At University of Arizona, a "Face Off"on Intelligent Design?
We were delighted to discover that students at the University of Arizona are getting a well-rounded education. "Evolution, Intelligent Design Face Off at Humanities Panel," reports the Arizona Daily Wildcat. Hey great, finally a serious academic institution is taking the time to make sure kids hear both sides of the evolution debate! Reading down the article we noticed only a couple of things they might have been done differently and better.
The panel at UA included an evolutionary biologist and two religious studies profs, but no one actually representing the ID side. Only ID critics were allowed to participate. Well, that is disappointing. It's like staging a "debate" between the Democratic and Republican contenders for a particular public office but inviting only the Democratic candidate, joined on stage by his campaign manager and chief of staff.
Also, no one on the panel even seemed to know what intelligent design means. Maybe that sounds like a quibble. Professor Karen Seat confused ID with Young Earth Creationism, explaining to students and colleagues that it was all about a defense of "the traditional, literal meaning of the Bible." In fact, whatever else may be said for or against ID, it's clearly at odds with a literal reading of the Bible.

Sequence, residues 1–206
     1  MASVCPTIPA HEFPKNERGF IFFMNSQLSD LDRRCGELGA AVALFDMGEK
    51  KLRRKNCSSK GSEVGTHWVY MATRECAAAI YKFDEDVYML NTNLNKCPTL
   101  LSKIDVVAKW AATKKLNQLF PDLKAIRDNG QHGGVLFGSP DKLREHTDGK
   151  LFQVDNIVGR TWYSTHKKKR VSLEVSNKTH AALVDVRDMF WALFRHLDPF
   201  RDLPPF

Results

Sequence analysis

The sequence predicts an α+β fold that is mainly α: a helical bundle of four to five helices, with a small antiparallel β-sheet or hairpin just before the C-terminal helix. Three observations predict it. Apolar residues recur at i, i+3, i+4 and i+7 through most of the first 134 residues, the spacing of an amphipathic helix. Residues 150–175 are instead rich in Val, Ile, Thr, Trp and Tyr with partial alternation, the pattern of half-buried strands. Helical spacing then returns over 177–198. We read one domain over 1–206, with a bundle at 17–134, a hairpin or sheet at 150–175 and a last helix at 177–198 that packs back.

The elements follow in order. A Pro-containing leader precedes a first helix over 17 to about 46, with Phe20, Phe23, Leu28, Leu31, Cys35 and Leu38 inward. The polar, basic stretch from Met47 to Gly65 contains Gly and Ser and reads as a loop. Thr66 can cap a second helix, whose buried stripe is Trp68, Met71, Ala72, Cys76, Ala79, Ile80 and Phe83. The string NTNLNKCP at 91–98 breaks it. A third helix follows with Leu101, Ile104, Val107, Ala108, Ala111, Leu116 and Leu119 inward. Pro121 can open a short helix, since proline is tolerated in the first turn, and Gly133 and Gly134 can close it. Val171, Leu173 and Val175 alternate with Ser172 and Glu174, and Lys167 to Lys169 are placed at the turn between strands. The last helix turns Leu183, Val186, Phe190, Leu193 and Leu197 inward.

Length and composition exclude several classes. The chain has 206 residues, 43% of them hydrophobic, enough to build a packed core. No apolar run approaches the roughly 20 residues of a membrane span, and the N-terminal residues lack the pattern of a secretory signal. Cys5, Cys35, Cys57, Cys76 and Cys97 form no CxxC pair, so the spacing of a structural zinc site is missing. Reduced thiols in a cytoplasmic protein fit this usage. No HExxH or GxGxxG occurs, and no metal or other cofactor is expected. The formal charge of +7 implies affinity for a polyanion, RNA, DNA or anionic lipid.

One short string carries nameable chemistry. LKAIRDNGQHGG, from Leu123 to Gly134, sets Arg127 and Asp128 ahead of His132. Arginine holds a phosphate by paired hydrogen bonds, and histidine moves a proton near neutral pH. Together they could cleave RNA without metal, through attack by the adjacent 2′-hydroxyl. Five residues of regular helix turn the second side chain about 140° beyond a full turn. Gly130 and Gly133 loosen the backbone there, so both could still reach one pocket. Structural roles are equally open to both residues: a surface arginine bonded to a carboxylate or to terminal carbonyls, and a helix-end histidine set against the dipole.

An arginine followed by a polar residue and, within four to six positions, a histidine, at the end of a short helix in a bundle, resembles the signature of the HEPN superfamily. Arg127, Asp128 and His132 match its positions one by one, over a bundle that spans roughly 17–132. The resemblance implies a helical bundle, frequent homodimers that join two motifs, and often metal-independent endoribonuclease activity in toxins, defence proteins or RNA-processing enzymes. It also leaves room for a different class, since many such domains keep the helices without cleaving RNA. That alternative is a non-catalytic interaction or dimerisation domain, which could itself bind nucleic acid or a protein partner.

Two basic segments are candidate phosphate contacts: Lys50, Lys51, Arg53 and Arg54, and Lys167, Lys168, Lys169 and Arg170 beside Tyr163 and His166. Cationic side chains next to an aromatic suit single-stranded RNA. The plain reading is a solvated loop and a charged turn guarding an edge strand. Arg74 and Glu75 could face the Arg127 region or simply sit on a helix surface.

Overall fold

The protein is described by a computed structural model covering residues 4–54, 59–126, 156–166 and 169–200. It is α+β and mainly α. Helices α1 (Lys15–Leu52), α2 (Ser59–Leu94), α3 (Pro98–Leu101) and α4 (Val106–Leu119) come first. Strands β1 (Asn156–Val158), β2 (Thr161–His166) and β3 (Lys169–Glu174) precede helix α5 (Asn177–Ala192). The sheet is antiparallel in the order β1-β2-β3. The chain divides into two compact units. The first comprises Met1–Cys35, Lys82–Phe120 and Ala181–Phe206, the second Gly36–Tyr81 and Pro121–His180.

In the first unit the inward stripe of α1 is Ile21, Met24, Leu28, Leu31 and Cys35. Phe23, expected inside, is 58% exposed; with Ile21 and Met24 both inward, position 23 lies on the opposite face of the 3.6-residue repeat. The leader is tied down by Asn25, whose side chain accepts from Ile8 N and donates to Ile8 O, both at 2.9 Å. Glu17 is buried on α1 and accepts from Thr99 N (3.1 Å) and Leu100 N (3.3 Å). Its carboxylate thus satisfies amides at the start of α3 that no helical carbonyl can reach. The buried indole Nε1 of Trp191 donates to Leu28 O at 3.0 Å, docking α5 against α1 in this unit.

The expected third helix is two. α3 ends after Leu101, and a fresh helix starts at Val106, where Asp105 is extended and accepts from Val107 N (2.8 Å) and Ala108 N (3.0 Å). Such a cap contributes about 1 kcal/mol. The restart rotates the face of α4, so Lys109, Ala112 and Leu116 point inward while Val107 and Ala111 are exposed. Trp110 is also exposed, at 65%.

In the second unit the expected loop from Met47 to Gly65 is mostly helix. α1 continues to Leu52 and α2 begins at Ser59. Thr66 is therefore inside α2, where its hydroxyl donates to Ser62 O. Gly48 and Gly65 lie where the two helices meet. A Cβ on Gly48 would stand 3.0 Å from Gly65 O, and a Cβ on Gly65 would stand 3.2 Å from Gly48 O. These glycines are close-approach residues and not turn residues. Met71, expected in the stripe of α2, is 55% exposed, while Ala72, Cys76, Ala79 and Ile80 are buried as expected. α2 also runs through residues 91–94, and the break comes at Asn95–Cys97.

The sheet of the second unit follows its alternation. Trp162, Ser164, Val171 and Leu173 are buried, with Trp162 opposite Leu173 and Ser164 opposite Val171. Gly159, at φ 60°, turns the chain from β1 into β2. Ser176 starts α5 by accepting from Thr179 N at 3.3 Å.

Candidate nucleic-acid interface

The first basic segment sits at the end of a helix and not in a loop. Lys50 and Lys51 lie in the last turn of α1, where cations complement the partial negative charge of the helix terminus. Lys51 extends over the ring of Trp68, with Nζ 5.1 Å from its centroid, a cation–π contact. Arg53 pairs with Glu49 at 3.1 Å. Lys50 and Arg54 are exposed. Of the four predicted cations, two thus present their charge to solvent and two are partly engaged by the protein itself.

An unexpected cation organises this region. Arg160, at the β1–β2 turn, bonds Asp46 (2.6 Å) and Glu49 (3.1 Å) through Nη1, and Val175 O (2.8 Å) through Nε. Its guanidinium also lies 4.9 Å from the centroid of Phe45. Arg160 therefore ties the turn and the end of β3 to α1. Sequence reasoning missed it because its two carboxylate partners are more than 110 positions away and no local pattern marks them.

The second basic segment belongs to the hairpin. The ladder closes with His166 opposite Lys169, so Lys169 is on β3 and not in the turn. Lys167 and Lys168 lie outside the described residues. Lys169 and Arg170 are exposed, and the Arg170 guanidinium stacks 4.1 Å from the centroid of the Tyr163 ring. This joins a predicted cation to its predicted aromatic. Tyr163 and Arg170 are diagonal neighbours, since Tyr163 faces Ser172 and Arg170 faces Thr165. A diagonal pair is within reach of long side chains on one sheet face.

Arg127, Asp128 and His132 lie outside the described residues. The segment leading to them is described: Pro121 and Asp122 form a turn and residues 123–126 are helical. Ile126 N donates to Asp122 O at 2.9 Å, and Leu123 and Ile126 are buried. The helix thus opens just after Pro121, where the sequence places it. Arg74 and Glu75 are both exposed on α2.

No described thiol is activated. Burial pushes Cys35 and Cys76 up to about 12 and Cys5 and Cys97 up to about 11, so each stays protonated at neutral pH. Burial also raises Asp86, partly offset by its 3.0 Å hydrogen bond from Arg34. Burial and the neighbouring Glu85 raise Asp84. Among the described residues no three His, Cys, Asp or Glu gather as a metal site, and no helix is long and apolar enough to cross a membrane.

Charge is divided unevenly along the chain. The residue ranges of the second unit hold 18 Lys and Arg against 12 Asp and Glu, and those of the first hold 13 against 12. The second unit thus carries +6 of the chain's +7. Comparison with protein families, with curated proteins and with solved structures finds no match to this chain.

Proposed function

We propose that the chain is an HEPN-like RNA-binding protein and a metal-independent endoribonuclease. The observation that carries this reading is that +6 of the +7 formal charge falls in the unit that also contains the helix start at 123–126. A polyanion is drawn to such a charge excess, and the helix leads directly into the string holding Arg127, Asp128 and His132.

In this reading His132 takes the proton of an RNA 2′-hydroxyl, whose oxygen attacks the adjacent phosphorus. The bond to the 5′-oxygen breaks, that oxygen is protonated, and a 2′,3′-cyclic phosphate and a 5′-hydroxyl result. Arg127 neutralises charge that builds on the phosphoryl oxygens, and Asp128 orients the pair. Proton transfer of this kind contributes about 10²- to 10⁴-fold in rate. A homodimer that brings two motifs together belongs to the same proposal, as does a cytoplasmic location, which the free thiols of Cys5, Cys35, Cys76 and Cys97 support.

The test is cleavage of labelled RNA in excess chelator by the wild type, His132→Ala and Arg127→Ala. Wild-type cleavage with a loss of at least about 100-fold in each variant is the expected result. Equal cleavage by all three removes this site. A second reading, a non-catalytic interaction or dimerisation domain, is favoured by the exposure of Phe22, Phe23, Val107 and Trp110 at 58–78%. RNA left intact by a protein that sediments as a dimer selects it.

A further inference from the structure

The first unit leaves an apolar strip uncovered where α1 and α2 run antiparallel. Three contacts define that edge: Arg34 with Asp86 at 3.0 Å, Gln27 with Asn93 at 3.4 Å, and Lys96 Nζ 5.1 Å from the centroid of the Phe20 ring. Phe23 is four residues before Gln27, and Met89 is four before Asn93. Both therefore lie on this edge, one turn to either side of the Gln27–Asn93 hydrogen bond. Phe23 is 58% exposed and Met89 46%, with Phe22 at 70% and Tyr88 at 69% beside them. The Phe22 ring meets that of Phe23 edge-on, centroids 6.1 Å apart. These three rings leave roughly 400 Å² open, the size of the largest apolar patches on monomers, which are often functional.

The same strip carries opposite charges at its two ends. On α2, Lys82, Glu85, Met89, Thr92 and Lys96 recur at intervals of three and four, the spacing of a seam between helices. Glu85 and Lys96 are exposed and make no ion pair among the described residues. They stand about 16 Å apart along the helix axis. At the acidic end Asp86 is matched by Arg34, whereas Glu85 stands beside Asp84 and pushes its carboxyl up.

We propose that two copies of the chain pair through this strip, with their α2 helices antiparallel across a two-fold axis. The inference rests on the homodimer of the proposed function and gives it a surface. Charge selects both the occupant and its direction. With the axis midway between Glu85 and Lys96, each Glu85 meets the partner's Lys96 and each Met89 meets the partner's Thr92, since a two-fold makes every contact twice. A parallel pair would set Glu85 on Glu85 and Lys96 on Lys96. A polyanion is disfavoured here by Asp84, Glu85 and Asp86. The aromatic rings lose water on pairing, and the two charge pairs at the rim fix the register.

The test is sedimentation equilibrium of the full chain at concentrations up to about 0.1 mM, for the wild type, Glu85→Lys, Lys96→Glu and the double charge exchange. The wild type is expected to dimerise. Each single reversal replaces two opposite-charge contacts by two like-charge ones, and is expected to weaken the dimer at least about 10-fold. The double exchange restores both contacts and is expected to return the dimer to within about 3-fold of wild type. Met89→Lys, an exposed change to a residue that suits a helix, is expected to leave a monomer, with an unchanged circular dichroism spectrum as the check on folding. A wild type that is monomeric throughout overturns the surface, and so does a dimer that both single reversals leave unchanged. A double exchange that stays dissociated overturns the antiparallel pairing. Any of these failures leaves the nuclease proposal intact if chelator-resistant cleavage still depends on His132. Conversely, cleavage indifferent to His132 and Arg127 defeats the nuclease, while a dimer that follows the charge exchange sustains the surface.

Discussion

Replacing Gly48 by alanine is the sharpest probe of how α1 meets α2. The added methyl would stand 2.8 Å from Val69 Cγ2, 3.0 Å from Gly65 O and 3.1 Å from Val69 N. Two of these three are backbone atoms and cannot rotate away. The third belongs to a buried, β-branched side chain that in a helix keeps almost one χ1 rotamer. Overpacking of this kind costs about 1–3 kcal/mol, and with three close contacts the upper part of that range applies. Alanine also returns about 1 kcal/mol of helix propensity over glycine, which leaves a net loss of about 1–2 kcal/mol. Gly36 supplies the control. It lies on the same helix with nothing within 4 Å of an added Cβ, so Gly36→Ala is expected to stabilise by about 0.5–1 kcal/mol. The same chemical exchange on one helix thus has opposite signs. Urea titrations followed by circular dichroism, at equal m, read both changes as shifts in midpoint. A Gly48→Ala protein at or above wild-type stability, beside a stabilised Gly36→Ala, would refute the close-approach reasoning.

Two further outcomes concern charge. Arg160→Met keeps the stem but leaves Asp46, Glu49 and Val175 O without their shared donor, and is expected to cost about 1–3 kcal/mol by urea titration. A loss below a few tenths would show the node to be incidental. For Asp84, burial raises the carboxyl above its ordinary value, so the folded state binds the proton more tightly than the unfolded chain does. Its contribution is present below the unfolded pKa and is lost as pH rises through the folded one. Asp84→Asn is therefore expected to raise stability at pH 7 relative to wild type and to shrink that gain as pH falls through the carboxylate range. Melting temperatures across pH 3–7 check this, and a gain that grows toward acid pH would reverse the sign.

Professor Lucas Mix, who's an ordained Episcopal priest, got tired of paying lip service to the idea of a "face off" on intelligent design and spoke instead about "creationism," which, again, means something very different. Joanna Masel, the evolutionary biologist, summed up with a non sequitur: "Once you pick out a theology that is incompatible with evolution, it becomes incompatible with all science." She managed simultaneously to equate all Darwin-doubting with religion (tell that to David Berlinski, Thomas Nagel, Jerry Fodor and other agnostic/atheist Darwin-doubters) and to warn students that giving up faith in Darwin means ineluctably stepping back into the scientific dark ages.
We wonder if Dr. Masel intended her comment as an observation or a threat. Could a student hope to make passing science grades at UA if he was not an orthodox Darwinist? Or would making such an admission about yourself mean an automatic F -- in, let's say, electrical engineering -- since the student has rejected "all science"? Maybe when it comes to entertaining heretical ideas about evolution, they've got a sort of "don't ask, don't tell" policy at UA.
Come to think of it, this story isn't as encouraging as the headline would initially lead you believe.